Mull cou­ple’s first aid ef­forts win top award

Out­stand­ing work to bring train­ing to re­mote com­mu­ni­ties

The Oban Times - - NEWS -

A young hus­band and wife from the Isle of Mull were recog­nised at a first aid awards cer­e­mony in Glas­gow on Fri­day Novem­ber 23 for their out­stand­ing ef­forts to bring first aid to their lo­cal com­mu­ni­ties.

Alec, 29, and Kayleigh Brown, 26, re­ceived the Dou­glas Brem­ner Spe­cial Com­men­da­tion Award at the St An­drew’s First Aid Scot­tish First Aid Awards, as a re­sult of their pos­i­tive and suc­cess­ful drive to en­cour­age mem­bers of their com­mu­nity to learn life-sav­ing first aid skills.

Alec had been taught first aid after at­tend­ing a free train­ing ses­sion de­liv­ered by St An­drew’s First Aid in Oban in Jan­uary this year. Just a few weeks later he had to put his skills into prac­tice when his eight-month-old baby Ruar­idh stopped breath­ing and turned blue while sit­ting in his high chair.

Thank­fully, through Alec’s recog­ni­tion of the sit­u­a­tion, swift ac­tions and first aid train­ing, he was able to save his son’s life us­ing the in­fant CPR skills he had learned at the de­mon­stra­tion.

Fol­low­ing the in­ci­dent, Kayleigh was de­ter­mined more peo­ple on the is­land should have the op­por­tu­nity to learn first aid.

Liv­ing in a re­mote com­mu­nity where emer­gency ser­vices can take time to reach a lo­ca­tion, hav­ing first aid skills could be the dif­fer­ence be­tween life and life lost. She con­tacted St An­drew’s First Aid to ask if they would go to Mull to de­liver a se­ries of demon­stra­tions. She then ral­lied her com­mu­nity, booked a hall and used var­i­ous com­mu­ni­ca­tions plat­forms to let peo­ple know and in­vite them along.

More than 100 peo­ple at­tended the ses­sions, which also raised more than £1,300 for three char­i­ties in­clud­ing St An­drew’s First Aid.

Stu­art Cal­li­son, chief ex­ec­u­tive of St An­drew’s First Aid, said: ‘The Browns are a credit to their fam­ily, their com­mu­nity and to us. Their recog­ni­tion that first aid is a vi­tal skill to have was so clearly shown when faced with their own dis­tress­ing sit­u­a­tion. Kayeigh’s pas­sion for first aid and de­ter­mi­na­tion that oth­ers should have the op­por­tu­nity to learn how to save a life has re­ally paid off and there are now more than 100 peo­ple liv­ing in lo­cal com­mu­ni­ties on Mull, who can come to some­one’s aid should they need it.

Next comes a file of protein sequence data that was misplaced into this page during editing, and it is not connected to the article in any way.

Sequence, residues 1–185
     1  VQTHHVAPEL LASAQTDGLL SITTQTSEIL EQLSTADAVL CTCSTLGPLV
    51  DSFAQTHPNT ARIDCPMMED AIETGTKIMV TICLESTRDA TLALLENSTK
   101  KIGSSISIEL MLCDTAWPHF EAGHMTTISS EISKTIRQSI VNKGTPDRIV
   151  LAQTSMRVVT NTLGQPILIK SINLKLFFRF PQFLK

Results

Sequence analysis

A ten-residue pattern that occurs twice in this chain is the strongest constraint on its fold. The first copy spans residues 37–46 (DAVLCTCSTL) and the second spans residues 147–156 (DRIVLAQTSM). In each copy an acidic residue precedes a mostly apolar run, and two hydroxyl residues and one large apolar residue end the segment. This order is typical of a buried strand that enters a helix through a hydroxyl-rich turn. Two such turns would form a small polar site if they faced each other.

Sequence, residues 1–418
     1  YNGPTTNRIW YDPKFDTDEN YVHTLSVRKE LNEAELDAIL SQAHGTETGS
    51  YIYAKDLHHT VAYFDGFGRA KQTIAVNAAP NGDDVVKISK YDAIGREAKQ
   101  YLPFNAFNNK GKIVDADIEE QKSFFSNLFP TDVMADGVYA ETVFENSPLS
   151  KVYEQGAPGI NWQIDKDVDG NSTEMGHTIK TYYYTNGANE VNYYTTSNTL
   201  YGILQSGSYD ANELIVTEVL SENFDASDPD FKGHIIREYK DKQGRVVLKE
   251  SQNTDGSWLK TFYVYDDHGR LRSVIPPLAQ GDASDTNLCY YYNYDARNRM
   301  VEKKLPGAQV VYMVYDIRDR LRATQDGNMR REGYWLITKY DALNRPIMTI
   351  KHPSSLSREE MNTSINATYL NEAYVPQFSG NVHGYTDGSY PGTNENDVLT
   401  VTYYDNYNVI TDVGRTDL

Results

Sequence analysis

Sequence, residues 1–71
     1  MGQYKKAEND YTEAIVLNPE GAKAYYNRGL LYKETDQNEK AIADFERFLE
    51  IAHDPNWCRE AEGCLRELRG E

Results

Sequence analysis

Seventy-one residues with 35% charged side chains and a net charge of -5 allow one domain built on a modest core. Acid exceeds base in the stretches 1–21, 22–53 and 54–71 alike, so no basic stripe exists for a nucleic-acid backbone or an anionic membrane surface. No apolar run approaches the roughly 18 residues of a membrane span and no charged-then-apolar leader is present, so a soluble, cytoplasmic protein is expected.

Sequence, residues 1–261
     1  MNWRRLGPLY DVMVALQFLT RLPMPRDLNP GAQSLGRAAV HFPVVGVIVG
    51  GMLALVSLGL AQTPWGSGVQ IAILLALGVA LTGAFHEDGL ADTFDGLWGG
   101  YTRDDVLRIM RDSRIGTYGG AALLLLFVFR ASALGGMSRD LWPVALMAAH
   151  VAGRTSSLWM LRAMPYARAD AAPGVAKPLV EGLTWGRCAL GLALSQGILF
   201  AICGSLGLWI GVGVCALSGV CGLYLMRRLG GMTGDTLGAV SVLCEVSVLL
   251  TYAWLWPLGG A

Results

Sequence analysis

‘Their ef­forts to pro­tect and ed­u­cate their com­mu­nity are noth­ing short of in­spir­ing and they are very wor­thy win­ners of the Dou­glas Brem­ner Spe­cial Com­men­da­tion Award.’

Alec Brown said: ‘When Ruar­idh stopped breath­ing, I went into au­topi­lot and re­mem­bered what I had been taught. I checked to see if he was chok­ing then checked his air­way be­fore be­gin­ning CPR. It felt like half an hour be­fore be started breath­ing again but I sus­pect it was only a minute.

‘I’m just so glad I made the ef­fort to go to the de­mon­stra­tion. The am­bu­lance ar­rived after 20 min­utes but had I not known what to do, the end­ing could have been very dif­fer­ent. I can’t rec­om­mend strongly enough that peo­ple take the time to learn how to do even ba­sic first aid. Many of the ses­sions are free and it could lit­er­ally be the dif­fer­ence be­tween life and death.’

Kayleigh Brown said: ‘We are de­lighted to have won this award. I can’t talk enough about the im­por­tance of learn­ing first aid and the fact you can do it for free means there should be no ex­cuse not to.

‘The thank­fully pos­i­tive out­come of our own ex­pe­ri­ence was enough to spur me into ac­tion and I am re­ally happy with how many peo­ple turned out on the day. I hope to con­tinue work­ing with St An­drew’s to en­cour­age even more peo­ple to be­come first aid ready.’

‘When Ruar­idh stopped breath­ing, I went into au­topi­lot and re­mem­bered what I had been taught.’

Alec and Kayleigh pick up their award.

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